Tuesday, April 15, 2008
St John's - Heading Home
My man and Karen - breakfast-maker extraordinaire.
So today we say goodbye to new friends and fly home to old ones.
I'm not sad to leave the weather (there is hail this morning), but I wish we'd had more time to explore the island. And to see more live local music. And to visit the antique shops - I didn't make it into a single one! And to have lunch at the little Afghani place on Duckworth...and buy fish from the Fish Depot...and to get to Belbin's...and - well, I think I may have to get back to St John's sometime very soon!
We had a couple of errands to run before we left town - a visit to the Newfoundland Weavery to buy one of their fabulous larch cutting boards, and a stop at the Craft Council for a few gifty things to bring home.
The Potter kindly offered to drive us to the airport; she picked us up at 10:30am sharp, bearing a parting gift of frozen moose sausage made by some friends who hunt, securely wrapped in layers of plastic and tin foil. We stashed it deep in our luggage, hoping it wouldn't defrost too quickly.
The Professor stopped by for a quick goodbye, and after hugs all round we were off. Half an hour later, we were hugging the Potter goodbye and heading into the airport.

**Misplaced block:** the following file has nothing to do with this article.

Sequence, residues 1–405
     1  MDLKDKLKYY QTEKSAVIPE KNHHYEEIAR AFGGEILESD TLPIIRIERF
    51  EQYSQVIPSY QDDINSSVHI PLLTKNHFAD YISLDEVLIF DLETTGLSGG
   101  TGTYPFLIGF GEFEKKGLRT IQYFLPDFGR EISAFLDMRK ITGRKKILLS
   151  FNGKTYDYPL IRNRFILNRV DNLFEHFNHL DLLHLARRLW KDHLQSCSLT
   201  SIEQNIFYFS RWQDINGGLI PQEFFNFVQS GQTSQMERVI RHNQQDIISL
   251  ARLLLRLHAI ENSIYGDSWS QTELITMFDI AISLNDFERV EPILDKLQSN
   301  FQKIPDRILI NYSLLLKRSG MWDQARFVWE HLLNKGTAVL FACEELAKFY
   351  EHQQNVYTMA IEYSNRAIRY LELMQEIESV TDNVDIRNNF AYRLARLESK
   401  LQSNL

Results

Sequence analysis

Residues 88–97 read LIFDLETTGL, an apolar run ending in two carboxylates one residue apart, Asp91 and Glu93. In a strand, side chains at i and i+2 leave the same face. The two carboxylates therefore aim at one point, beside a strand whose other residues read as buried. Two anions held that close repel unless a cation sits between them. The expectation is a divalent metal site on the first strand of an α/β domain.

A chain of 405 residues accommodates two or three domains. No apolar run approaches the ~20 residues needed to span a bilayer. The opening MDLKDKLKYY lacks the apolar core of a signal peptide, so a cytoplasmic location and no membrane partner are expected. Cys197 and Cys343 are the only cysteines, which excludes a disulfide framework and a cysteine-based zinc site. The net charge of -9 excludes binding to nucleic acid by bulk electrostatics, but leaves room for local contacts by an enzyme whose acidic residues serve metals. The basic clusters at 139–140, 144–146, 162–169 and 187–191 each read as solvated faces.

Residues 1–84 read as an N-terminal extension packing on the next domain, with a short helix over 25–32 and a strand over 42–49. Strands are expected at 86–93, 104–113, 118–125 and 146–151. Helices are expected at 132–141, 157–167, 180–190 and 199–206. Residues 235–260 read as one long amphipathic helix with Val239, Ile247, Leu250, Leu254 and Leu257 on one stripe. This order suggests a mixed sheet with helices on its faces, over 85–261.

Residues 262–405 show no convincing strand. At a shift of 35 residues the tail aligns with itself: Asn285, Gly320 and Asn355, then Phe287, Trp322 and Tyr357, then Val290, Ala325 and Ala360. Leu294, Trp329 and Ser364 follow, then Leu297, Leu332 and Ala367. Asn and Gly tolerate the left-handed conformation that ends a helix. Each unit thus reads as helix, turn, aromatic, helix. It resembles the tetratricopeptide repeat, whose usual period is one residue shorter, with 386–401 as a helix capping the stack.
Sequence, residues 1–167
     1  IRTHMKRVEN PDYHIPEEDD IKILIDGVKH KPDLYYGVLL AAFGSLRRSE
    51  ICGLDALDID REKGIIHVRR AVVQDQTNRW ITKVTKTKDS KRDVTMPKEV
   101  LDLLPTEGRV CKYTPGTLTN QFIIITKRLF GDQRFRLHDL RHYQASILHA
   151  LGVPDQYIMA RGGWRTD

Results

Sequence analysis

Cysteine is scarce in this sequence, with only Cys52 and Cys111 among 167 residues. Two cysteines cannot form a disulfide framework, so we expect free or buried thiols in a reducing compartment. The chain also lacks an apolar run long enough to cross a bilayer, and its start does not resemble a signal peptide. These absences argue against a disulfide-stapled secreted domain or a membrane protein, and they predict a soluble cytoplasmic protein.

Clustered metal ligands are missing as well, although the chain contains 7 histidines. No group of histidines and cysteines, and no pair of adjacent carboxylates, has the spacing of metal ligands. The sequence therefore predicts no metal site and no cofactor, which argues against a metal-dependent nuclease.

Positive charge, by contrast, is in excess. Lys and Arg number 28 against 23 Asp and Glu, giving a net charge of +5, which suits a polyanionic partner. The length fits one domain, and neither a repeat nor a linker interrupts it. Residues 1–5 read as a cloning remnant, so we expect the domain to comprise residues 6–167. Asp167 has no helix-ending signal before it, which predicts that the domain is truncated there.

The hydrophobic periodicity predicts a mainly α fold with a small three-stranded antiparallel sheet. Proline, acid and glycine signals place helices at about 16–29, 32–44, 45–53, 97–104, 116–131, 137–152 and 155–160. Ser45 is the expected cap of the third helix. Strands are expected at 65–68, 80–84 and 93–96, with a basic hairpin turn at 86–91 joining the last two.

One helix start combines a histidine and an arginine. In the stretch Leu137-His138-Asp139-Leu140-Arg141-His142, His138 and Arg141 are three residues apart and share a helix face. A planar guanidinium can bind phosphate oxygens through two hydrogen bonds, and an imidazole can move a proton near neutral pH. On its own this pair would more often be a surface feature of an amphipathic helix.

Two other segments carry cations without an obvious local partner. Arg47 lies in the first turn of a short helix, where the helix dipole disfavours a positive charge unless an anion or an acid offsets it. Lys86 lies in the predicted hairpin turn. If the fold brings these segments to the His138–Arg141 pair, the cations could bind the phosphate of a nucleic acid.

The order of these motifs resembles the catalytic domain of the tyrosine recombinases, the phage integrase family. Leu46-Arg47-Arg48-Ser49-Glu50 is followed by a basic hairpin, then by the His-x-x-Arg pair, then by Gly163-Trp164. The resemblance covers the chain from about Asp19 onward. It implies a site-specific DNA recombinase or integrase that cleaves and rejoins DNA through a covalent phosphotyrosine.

Our flight home had a high ratio of children to adults aboard, which worried us a bit - especially when we found ourselves sitting across the aisle from a rosy-cheeked and smiling cherub of about six months of age, whose two year-old brother was roaring lustily in his seat, in protest against some (I'm sure entirely valid) injustice. They soon quieted down, however, and my Man spent a large portion of the flight picking up toys that were dropped in the aisle and turning picture book pages, much to the delight of the cherub.
The highlight of our flight was consuming our leftover steak and cheesy bread from our meal at Christopher's the previous evening. No airline traveller ever had it so good.
Our flight landed in Toronto at a quarter past three, and by four-thirty we were strolling down Roncesvalles in the sunshine, without our scarves, hats, gloves or boots.
It's good to be home.